The Holocaust’s Bureaucracy of Genocide

The intent of this study was to select and analyze a global event. The event chosen to be analyzed was the Holocaust. The Holocaust occurred in Germany beginning in the 1930s and then expanded to all areas of Nazi-occupied Europe during World War II. The event was a genocide in which Nazi Germany murdered about six million European Jews; they also murdered other groups, which resulted in up to seventeen million deaths overall. Germany’s persecution of these groups was implemented into stages, which started in 1933 with Adolf Hitler rising to power. Following this, in 1935 the Nuremberg Laws were passed, which excluded Jews from civil society; Jews were no longer considered German citizens, could not marry Aryans, and could not fly the German flag.

Bureaucrats identified people who were Jews, confiscated their property, and scheduled the trains that deported the Jews. Jews were fired by companies and were later employed as slave labor. Jewish faculty and students were dismissed by universities. The Nazis began building a network of concentration camps in Germany for political opponents and people considered undesirable in 1933. The government set up ghettos to segregate the Jews after the invasion of Poland in 1939. The government had established over 42,000 camps, ghettos, and other detention sites. By mid-1942, victims were being deported to extermination camps from the ghettos in sealed freight trains. Drugs were tested on camp prisoners by German pharmaceutical companies, and crematoriums were built by other companies. As they entered the death camps, the prisoners were ordered to surrender all personal property. If the victims survived the journey and the mistreatment in the camp, they were killed in gas chambers. Until the end of World War II in 1945, the killing continued.

Part II Analysis

By learning about it, one can see how racism applies to the Holocaust. Racism is defined as attitudes, beliefs, and practices used to justify the superior treatment of one racial group and the inferior treatment of another group. As in the lecture on race, the Nazis believed that Germans were racially superior and Jews were considered inferior and a threat to the German racial community. The Nazis targeted the other groups because they were also perceived as racially inferior. Hitler’s racist theories were based on genetics; therefore, no matter what a person or group did, they were forever part of the inferior group. This racism fueled Nazi beliefs. The Jews were stripped of their citizenship depriving them of their basic rights. They were banned from all professional jobs, which prevented them from having influence in education, politics, higher education, and industry. They were also eventually segregated from the superior race.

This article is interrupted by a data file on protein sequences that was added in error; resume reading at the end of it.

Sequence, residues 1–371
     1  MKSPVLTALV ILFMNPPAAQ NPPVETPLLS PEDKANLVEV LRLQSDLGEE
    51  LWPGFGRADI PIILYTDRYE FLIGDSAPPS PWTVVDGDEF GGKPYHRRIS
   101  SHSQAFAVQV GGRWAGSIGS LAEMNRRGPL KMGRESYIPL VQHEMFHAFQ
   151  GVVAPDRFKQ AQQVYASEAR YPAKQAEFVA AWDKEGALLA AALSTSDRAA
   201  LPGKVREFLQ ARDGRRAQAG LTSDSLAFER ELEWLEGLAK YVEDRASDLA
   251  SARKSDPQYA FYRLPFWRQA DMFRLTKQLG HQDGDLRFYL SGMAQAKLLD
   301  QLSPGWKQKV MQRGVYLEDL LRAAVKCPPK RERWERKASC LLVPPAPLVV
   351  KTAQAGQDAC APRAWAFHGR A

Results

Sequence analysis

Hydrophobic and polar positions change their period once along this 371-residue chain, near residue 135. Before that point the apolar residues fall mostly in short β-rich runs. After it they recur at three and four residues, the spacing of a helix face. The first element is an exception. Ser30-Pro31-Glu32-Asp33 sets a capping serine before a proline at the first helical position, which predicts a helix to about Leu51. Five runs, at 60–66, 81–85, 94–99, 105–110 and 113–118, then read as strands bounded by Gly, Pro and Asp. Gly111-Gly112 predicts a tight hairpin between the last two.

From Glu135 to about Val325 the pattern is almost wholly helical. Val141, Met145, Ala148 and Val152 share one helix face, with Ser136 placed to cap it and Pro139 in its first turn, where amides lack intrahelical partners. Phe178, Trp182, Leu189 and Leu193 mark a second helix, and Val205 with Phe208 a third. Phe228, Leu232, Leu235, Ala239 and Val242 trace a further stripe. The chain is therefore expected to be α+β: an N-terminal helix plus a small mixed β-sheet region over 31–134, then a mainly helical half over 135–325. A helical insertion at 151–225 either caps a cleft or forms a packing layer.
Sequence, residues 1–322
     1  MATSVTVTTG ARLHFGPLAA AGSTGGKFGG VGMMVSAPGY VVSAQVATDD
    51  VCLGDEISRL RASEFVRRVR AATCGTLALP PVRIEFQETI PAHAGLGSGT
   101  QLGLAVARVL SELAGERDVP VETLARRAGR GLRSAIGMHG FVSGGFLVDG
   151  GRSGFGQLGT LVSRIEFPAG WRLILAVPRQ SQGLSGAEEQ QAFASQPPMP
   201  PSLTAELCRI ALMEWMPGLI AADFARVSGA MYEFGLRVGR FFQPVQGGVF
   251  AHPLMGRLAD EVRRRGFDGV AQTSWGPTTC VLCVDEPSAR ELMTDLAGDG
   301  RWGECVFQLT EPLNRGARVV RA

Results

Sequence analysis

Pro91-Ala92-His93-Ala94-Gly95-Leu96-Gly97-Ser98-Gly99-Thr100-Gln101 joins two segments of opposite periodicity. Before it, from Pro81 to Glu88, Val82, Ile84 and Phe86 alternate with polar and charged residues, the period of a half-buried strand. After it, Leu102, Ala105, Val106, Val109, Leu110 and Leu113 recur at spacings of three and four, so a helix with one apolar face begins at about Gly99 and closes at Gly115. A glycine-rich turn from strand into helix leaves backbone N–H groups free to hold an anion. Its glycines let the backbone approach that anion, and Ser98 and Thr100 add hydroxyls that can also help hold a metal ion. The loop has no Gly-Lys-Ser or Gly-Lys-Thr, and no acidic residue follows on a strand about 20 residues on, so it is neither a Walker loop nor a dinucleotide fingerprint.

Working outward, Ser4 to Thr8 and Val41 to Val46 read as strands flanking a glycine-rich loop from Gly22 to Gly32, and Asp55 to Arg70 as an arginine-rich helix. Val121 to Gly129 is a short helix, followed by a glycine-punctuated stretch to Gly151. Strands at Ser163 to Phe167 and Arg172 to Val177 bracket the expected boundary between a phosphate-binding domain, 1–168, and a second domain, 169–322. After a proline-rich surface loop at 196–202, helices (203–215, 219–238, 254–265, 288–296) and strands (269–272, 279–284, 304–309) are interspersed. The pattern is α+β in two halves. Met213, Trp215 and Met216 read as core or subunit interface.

In How Did Jews Become White Folks?, Karen B. Brodkin quotes Kenneth Roberts saying if a few more million members of the Alpine, Mediterranean, and Semitic races are poured among us, the result must inevitably be a hybrid race of people as worthless and futile as the good-for-nothing mongrels of Central America and Southeastern Europe. Brodkin continues by saying Jews were unwashed, uncouth, unrefined, loud, and pushy. Hitler called the Germanic race the Aryan master race ; he wanted to keep his race pure to be able to take over the world one day. Hitler and other Nazi leaders viewed the Jews as parasites, living off the other races and weakening them. Jews would be stripped of all rights, treated as animals, considered to have a life unworthy of living, and fit only for enslavement and extermination. German scientists believed they could improve the human race by limiting the reproduction of the inferior people. To do this, the scientists were allowed to perform forced sterilizations, operations ending someone’s ability to reproduce without his or her consent.

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